Why Play Scrabble? 5 Reasons to Love the Game
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No. No, we aren’t. Just to start with, one of those first games was backgammon. That’s a 5,000-year-old game you could pick up right now at Amazon or Walmart, and when you sat down with your friends to play, they’d probably know the rules. Some things just don’t get old. Scrabble, which has passed its 80th birthday, is one of those things. Why play Scrabble? We have five reasons to love the game on a board or a screen.
Reasons to Break Out the Board
People have been bringing out an oddly carved board and having fun with it since they had the tools to oddly carve a board. There’s something special about the experience of an actual, physical board game. In fact, three things.
Seeing Eye to Eye
At the risk of a copyright strike from Captain Obvious, it’s important to socialize face to face. In a board game, that goes beyond competition (as described below) in two important ways. First, part of the experience of playing an actual person at an actual board game has nothing to do with the actual gameplay. It’s seeing your opponent in the flesh (as it were), reading their body language, learning their tells - strategizing. That doesn’t happen the same way through a screen.
Party in a Box
“But wait,” our clever readers cry out. “You said there were two important ways Scrabble is social in a way apps aren’t! Where’s the other one?”
Good eye, y’all. This is the other one, and it’s dead simple: it’s boring to watch somebody futz with their phone. It’s not boring to hang out in a room where a board game is being played. Conversation happens. Advice is given. Tangents are taken. Jokes are told. Snacks often occur. The word is “kibitzing” and sometimes it’s more fun than playing the game.
Part of the pleasure of any kind of play is just that: pleasure. Ask any sports fan: the sound and feel of a ball on a bat, or through a net, or off a tee just right, is part of the joy. Apps do their best, and haptics have come a long way, but just like there’s no video game that quite feels like a basketball on asphalt, there’s no app that quite replicates the sound of a tile bag rattling, or the feel of a letter snapping into place just right on a great play. Playing Scrabble, in its purest wood-and-cardboard form, just feels good.
Reasons to Get Digital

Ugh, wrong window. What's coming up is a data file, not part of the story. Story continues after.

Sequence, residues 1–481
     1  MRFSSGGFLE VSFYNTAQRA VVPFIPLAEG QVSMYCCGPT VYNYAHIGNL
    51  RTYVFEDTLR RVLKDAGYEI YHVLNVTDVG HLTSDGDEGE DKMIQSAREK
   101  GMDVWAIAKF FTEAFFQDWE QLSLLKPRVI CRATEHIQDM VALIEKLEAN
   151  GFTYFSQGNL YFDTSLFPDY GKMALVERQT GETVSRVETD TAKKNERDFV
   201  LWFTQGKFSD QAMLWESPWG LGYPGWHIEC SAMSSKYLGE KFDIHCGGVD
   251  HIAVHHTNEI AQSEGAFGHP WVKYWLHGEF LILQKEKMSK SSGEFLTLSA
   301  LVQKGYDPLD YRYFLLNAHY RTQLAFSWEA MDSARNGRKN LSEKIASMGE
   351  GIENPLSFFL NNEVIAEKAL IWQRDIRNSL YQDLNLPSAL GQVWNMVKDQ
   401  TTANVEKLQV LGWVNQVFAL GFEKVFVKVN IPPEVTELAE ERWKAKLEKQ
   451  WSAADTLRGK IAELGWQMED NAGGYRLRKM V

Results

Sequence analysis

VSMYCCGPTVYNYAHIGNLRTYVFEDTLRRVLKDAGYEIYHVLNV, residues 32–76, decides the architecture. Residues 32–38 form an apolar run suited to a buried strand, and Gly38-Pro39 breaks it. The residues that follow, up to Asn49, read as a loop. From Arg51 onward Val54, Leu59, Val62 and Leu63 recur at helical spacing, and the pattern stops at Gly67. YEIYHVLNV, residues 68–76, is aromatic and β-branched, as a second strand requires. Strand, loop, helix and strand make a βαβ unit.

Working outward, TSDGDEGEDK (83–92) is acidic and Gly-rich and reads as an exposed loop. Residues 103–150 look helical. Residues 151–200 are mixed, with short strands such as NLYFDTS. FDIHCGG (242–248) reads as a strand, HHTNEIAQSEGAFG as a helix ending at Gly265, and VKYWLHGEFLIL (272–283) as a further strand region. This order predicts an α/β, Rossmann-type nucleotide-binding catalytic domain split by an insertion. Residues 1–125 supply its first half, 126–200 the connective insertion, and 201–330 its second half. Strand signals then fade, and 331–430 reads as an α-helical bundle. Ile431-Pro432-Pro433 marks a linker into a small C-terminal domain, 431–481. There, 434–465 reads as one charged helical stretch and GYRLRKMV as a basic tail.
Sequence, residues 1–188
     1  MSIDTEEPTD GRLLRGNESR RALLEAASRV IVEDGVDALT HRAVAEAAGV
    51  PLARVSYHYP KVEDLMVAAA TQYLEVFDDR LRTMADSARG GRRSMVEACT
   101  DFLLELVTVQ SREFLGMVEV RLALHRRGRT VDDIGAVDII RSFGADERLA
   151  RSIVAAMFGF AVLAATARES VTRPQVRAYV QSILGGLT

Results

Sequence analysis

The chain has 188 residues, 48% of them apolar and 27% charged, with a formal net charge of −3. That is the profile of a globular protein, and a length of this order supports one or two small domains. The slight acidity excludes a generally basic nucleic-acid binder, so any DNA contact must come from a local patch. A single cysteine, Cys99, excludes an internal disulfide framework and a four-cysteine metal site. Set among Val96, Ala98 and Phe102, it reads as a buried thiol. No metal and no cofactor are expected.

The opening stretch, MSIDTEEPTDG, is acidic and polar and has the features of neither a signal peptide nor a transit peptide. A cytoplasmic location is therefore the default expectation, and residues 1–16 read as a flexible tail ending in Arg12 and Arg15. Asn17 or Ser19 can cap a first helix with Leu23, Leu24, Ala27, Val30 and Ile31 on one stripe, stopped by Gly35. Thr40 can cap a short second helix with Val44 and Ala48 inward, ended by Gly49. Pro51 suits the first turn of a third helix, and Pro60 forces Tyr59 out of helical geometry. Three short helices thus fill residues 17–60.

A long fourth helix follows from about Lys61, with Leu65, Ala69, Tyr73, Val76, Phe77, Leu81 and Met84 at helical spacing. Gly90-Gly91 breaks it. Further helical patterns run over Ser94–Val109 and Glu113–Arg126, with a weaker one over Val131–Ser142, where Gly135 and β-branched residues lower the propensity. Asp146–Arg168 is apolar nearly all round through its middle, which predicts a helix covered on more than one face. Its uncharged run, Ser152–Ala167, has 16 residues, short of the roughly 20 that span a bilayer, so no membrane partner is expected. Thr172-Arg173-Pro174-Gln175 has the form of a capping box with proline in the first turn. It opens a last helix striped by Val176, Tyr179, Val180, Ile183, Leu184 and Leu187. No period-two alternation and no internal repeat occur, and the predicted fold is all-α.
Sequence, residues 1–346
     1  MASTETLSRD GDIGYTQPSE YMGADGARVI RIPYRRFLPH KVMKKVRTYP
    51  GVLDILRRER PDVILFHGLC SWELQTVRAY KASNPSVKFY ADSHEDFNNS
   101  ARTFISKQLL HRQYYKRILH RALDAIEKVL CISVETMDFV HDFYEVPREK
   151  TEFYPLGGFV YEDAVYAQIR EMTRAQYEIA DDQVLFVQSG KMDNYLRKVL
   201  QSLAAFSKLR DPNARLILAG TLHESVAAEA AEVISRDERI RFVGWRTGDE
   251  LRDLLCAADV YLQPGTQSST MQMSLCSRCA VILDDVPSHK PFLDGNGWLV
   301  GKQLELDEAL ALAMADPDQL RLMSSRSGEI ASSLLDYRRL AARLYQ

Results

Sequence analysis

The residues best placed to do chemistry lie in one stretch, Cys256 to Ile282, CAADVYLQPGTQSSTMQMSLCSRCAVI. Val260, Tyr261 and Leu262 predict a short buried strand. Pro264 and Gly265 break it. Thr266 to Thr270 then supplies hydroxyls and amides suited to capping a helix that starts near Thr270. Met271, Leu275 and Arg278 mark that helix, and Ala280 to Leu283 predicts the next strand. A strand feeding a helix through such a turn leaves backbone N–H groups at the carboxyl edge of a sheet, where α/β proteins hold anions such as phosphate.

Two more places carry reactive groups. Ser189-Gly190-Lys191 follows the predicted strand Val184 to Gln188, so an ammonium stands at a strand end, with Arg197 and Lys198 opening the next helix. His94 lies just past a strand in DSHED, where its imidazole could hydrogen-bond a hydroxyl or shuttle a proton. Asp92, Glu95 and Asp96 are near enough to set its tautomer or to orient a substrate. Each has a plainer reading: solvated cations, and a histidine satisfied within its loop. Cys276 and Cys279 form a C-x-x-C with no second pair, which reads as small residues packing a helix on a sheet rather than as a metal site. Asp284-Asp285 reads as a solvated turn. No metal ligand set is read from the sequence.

Even if you’re all about that app life, there are plenty of reasons to play Scrabble instead of, or alongside, its many competitors, imitators and proud descendants.
One of the arguments in favor of Words With Friends and other digital word games is that they often include a mechanic that allows you to compare point values and determine the legality of plays before you make them. That’s a good thing. It encourages improvisation and lateral thinking, both of which are valuable skills.
The thing is, so is actually knowing stuff, which Scrabble requires. The Scrabble app doesn’t provide a friendly robot that lets you lay down improvised plays until you find one that’s a unit of currency in Papua New Guinea (“toea,” a great word to use up some vowels). You still get a friendly robot, but the Scrabble app’s robot chimes in after you play, telling you what your highest-scoring possible play was.
Other word game apps help you play. The Scrabble app makes you better. Scrabble is as much a test of memory as it is of vocabulary, and a good memory and vocabulary is important in word games. Also, life. To get a jumpstart on that, check out our lists of words with lots of vowels or consonants, or for extra mind-blown goodness, words with Q but no U.
Scrabble is highly competitive. How often can you trounce your friends and relatives in the board game? (Or rather, have fun with and learn from people you care about while they have fun with and learn from you.) Once you’re done with them you can meet and decimate people from all over the world in the digital version — improving your skills, vocabulary and confidence all at the same time.
The Original and the Best
Scrabble, board and digital alike, has always had an edge on its imitators: it was built, all those years ago, to accommodate four players. It’s sold in 29 languages in 121 countries. It’s almost certainly the most popular word game in the world. No Word Radar, no coins, no leveling up or farming XP, not even in the app. Anyone can pick up the Scrabble app and play.
Scrabble is the OG word game for a reason. It’s the inspiration for countless games that have followed because it’s a darn near perfect piece of design. Blow the dust off the box or download yourself a digital piece soon.
Matt Salter has been a professional writer for over 10 years. He is a gaming and technology expert, and world-class word nerd.